Figure 10: CDKN2A interacting proteins.

To determine human CDKN2A interacting proteins, STRING10 (http://string-db.org/) database which provides known and predicted protein interactions was used. Interaction views of confidence a., evidence b. and actions c. are shown using parameters of highest confidence (0.900) and no more than 5 interactions. Protein interaction data show that CDKN2A

interacts with CDK4 and TP53 (listed top 5), E2F1 and EZH2, (listed top 20, data not shown), which were found overexpressed by RNASeq analysis (Figure 3d), suggesting the functional significance of CDKN2A deletion in CDC tumors.

Figure 11: Alteration of




association with RCC patients survival.

Upper panel-TCGA data analysis of [image:10.612.62.554.379.681.2]

we can speculate that upregulation of xCT may be

responsible for the lack of CDC sensitivity to cisplatin,

and targeted therapies aims to inhibit xCT may have a

therapeutic benefit. In addition, we found upregulation of

several genes such as




(top two genes)

whose role in cancer progression and survival is well

established (Figure 7). Recently,



has been shown associated with cisplatin resistance in

human non-small clear lung cancer [55] supports our

findings to indicate that overexpressed genes contribute

cisplatin based therapy resistance in CDC. Furthermore,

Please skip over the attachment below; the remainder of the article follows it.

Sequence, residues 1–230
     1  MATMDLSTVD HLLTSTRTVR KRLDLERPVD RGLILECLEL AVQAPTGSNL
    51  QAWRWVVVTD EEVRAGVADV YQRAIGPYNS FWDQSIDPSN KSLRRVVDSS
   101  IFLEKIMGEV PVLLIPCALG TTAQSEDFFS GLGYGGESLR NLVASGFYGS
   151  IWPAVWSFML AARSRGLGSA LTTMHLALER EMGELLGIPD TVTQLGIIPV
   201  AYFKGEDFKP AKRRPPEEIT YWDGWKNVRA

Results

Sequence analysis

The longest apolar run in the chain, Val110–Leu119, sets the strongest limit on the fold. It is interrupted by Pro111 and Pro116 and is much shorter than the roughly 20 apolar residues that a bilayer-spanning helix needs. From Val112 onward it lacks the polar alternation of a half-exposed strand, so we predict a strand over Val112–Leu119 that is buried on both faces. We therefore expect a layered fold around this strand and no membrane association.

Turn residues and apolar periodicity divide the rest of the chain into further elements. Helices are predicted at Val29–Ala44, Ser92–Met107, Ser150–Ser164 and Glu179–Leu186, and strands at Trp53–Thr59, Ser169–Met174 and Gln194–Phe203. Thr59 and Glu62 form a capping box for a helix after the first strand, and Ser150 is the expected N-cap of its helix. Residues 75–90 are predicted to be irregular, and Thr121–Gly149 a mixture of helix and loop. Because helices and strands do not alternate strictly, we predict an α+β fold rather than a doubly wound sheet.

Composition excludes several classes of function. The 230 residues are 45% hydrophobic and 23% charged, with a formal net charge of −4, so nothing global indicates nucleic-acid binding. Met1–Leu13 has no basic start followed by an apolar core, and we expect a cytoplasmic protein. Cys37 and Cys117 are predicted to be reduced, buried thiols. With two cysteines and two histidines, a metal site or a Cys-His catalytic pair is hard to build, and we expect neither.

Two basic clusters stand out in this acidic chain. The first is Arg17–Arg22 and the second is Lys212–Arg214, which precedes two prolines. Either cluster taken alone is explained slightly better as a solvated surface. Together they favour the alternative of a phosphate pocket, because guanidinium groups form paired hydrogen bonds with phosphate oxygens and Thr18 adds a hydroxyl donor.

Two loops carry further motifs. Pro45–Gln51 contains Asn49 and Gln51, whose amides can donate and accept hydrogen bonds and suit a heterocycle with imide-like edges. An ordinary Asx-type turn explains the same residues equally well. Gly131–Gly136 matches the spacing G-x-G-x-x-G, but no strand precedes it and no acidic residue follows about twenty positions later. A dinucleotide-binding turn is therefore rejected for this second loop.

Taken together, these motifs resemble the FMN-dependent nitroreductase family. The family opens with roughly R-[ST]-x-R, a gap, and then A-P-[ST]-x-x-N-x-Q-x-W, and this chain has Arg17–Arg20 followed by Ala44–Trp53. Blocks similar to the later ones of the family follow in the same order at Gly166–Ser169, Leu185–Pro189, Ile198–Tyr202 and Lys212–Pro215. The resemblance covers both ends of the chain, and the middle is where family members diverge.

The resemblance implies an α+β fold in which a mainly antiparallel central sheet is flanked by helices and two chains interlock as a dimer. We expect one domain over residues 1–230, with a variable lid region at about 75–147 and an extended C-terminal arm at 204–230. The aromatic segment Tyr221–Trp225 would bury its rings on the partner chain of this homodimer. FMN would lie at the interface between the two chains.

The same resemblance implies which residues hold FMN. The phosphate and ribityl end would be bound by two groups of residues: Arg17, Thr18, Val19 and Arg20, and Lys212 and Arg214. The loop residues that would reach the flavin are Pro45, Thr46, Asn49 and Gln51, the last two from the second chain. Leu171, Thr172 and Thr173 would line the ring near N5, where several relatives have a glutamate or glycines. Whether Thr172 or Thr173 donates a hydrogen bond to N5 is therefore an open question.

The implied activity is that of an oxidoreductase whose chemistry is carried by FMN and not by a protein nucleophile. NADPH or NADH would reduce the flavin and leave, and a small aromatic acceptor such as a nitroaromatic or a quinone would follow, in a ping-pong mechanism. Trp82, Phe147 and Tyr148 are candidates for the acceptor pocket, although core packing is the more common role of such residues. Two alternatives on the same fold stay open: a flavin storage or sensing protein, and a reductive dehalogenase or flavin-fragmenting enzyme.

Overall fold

its overexpression has been reported to associate with

gemcitabine resistance in pancreatic cancer [56], sunitinib

in hepatocellular carcinoma [57]. Overexpression of


that encodes for a secretary protein involved

in vascular remodeling through limiting collagen matrix

deposition, has been associated with pancreatic cancer

cells migration and metastasis [58], and melanoma

invasiveness [59].

In summary, our study provides a comprehensive

genomic analysis of CDC and identified the loss of


expression and dysregulation of several

transporters as frequent molecular alterations in this

disease. We recognize the limited sample size of our

report due to the rarity of CDC. Despite this limitation,

we believe that our observations provide important

findings which have a potential translational impact on

the understanding of the well-known CDC chemotherapy

resistance. These findings have immediate translational

implications by suggesting rational combination strategies

that may improve the clinical outcome for CDC patients.


Patient samples

Frozen patient tumor samples and matched normal

kidney tissues were obtained from the tissue bank at the

participating institutions. These tissues were originally

collected and processed according of the Institutional

Review Board at each institution and were received at

Roswell Park Cancer Institute as de-identified samples.

Exome sequencing read mapping and detection of